Governor Northam Vetoes Bills That Would Expand Harmful Health Coverage Plans

The Healthcare for All Virginians Coalition applauds Governor Northam’s action to protect Virginia from health plans that would have resulted in the erosion of ACA protections and increased costs for people who purchase health coverage through the individual ACA marketplace.

Yesterday afternoon, Governor Northam announced his decision to veto bills HB 795/SB 235 & SB 861 related to Association Health Plans (AHP) and Multiple Employer Welfare Arrangements (MEWAs).

Both AHPs and MEWAs would have weakened the Affordable Care Act (ACA) individual marketplace by “cherry-picking” younger and healthier people away from marketplace coverage. As a result, those left in the marketplace (or risk pool) are more likely to be older adults and individuals with high medical needs, who would then be burdened with increased premiums for the comprehensive coverage they need.

Expanding access to AHPs (HB 795/SB 235) poses unique risks to Virginia consumers:

  • Plans would be able to charge different premiums to different associations based on the demographics and social factors of its membership. Associations with more women could be charged more, for example, as well as associations with older workers, in higher risk industries, or based in zip codes with worse health outcomes.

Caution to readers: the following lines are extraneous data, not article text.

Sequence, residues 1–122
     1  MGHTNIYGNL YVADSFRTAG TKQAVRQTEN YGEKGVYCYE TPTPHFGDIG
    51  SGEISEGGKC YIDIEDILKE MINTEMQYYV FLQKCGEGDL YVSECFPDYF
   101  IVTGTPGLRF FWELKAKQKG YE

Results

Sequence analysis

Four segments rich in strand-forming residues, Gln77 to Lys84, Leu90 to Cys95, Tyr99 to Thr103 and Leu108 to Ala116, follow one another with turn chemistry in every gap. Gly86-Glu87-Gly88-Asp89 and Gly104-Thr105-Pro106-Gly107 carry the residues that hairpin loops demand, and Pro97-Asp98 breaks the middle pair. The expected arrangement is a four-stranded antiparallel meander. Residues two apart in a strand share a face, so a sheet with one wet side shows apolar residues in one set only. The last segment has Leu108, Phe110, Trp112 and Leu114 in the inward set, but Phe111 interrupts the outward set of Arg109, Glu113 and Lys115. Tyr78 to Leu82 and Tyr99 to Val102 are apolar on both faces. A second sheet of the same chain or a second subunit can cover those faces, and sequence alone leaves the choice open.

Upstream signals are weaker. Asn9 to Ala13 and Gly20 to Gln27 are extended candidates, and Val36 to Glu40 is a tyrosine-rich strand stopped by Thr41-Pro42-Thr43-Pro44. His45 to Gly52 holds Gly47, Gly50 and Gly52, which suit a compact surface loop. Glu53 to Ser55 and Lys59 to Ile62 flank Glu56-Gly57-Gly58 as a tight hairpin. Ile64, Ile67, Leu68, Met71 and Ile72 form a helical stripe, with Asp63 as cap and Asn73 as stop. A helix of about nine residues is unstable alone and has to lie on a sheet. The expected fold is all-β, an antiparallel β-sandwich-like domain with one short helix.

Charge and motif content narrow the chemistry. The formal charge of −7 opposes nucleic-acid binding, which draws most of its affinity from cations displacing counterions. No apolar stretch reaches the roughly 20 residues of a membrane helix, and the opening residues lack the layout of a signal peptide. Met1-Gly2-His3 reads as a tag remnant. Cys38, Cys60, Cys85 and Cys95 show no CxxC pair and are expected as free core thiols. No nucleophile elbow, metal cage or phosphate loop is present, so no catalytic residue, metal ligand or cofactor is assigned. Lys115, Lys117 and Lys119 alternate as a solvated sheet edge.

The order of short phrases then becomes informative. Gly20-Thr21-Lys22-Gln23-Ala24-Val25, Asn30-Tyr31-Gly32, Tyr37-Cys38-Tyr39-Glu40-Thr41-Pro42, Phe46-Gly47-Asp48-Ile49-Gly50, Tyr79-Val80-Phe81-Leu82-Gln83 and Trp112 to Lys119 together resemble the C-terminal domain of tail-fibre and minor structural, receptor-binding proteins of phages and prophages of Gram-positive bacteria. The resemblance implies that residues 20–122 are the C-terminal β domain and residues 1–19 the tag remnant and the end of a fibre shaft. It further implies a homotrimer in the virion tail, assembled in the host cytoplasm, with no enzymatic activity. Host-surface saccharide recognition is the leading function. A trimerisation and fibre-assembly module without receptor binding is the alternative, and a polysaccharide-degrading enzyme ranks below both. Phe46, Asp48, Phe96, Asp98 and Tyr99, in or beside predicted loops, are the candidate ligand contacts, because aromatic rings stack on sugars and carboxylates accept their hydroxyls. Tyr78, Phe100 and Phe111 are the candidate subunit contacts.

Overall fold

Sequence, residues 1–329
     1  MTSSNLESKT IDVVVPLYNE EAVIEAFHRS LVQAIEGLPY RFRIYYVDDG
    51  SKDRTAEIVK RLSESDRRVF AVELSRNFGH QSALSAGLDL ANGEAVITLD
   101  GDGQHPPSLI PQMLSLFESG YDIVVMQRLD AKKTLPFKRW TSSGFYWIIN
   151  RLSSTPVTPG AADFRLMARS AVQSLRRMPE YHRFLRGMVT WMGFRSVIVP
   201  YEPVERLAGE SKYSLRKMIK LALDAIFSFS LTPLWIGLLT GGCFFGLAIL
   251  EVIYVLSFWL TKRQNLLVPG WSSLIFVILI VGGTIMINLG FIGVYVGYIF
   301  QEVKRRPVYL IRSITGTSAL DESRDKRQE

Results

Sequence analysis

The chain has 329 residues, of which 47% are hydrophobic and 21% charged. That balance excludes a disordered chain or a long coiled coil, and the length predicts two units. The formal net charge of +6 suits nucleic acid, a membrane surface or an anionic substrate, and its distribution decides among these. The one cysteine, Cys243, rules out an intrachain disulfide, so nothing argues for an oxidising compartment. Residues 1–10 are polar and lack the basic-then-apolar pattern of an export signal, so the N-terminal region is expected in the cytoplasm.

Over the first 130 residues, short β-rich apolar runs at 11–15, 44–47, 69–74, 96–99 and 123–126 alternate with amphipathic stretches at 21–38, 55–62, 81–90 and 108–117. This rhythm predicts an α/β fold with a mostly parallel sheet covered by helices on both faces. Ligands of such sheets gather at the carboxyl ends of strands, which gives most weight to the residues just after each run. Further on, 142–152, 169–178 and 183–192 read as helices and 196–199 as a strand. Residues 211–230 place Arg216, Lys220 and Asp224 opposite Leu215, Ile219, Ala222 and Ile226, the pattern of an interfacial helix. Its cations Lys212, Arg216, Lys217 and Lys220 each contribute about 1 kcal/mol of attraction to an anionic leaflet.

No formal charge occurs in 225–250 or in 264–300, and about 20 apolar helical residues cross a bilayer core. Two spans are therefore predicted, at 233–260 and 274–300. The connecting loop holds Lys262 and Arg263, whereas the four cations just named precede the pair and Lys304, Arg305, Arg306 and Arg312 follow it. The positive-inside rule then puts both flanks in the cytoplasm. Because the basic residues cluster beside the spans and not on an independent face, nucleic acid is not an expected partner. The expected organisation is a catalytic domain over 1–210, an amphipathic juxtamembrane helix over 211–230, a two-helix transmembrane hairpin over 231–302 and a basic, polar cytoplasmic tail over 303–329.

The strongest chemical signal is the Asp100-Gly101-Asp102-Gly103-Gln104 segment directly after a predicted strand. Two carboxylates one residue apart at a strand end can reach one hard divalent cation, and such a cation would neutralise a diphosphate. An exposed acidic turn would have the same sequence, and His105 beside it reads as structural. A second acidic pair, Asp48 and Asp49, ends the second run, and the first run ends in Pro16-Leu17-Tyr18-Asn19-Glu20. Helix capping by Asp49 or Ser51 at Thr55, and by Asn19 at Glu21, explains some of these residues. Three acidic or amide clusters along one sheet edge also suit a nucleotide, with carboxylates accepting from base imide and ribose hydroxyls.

• Implementation of these bills heavily relies on a 2018 U.S. Department of Labor rule. This rule is subject to an ongoing federal lawsuit brought forth by 12 states, including Virginia, that believe major parts of the rule are invalid and undermine ACA protections.

Introducing and expanding access to MEWAs (SB 861) pose similar risks to consumers and have even fewer protections:

  • Group-level premiums could be based on gender, age, occupation, and zip code.
  • Associations or groups with older members would have no protections against exorbitant premiums due to no limitations in the ability to charge different premiums based on the average age of the group.
  • Plans under SB 861 would have no medical loss ratio requirement and would not be subject to rate review or transparency requirements. This means insurers will have no cap on profits and consumers will have no way of knowing how much of their premium is spent on medical services.

Please see The Commonwealth Institute’s full statement on the vetoes as well as social media messages from American Heart Association and AARP.

Thank you once again to all HAV organization members and advocates who shared their concerns regarding these plans with lawmakers. We did it!